It has been widespread interest in social network connections between individuals following the transformative advent of the Internet brought about by the implementation of the World Wide Web. Building of much earlier work on degrees of separation, theories which associated trust with networks were also established. The widespread political and social unrest in the middle east which began late in 2010 was dubbed the âArab Springâ, and much social commentary pointed to the role of computer mediated social networks to disseminate information and co-ordinate confrontational activities.
However much of the existing work which has been carried out investigating social networks and trust has come from countries whose cultural traditions might be described as âAnglo Saxonâ, Western European, or Judaeo Christian. The cultural traditions and current domestic and governmental assumptions of those countries engaged in the Arab Spring are, even at the level of superficial investigation, very different.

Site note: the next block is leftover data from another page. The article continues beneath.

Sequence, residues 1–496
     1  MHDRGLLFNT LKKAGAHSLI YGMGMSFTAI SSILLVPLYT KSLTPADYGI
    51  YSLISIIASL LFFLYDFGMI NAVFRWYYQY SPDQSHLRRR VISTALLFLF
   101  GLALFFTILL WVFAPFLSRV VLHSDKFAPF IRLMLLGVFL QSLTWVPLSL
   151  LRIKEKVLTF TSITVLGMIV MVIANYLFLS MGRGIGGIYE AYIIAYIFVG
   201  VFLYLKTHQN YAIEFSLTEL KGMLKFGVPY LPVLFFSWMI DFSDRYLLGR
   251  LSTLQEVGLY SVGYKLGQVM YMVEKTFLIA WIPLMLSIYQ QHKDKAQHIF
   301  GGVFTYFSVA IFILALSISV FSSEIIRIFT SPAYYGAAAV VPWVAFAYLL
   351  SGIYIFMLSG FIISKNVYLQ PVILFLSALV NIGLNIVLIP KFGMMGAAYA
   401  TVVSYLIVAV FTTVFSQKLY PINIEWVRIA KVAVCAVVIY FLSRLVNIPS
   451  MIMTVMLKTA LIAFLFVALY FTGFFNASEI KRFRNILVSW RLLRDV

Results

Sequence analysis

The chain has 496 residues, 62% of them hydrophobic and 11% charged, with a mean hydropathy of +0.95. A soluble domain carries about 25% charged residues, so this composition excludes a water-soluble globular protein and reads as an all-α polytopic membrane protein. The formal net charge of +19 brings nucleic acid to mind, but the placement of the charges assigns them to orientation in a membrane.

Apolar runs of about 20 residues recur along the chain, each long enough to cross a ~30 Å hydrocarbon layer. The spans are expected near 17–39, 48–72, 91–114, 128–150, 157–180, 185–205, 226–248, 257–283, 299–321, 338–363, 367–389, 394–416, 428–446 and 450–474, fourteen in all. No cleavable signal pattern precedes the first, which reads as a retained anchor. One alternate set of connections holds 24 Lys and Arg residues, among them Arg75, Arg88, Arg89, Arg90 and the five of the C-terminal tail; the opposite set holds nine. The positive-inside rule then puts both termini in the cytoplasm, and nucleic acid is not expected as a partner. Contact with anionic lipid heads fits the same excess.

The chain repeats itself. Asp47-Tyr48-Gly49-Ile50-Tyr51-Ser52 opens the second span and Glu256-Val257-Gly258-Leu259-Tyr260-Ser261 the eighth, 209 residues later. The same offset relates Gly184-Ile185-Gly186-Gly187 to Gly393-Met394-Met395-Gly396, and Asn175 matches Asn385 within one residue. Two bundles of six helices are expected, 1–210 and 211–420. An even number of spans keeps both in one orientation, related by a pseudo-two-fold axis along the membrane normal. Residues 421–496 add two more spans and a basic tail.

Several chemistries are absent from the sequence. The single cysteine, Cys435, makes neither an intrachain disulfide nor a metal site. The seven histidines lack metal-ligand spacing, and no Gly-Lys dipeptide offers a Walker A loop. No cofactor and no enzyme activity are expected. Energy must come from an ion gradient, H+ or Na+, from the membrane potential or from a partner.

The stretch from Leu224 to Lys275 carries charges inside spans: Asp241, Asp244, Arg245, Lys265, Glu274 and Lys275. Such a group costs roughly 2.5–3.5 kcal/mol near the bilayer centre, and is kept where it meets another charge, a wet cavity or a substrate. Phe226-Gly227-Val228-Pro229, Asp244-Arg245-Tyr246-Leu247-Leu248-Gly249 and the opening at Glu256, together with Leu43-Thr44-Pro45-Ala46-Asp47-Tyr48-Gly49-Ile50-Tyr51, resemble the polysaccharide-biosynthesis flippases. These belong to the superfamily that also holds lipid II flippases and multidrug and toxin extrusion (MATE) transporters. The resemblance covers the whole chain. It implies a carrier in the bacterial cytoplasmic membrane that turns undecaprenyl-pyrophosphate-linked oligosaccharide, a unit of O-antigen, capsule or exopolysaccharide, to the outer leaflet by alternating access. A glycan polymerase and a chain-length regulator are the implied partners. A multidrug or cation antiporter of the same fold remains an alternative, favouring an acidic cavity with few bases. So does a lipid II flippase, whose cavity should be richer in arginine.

This study begins an examination into the nature of trust and methods in which it can be analysed and categorised. It identifies a single middle eastern country, currently experiencing some political turmoil; namely Syria, and examines some of the cultural references and norms which exist in that country. It argues that cues for interaction and clues about real and assumed identity are key factors in establishing online trust, and that such factors may have strong cultural associations.
In the light of that investigation it goes on to propose a programme of future research and investigation which is designed to gather substantive evidence to test to see how culture and practice might affect the creation and growth of trust online.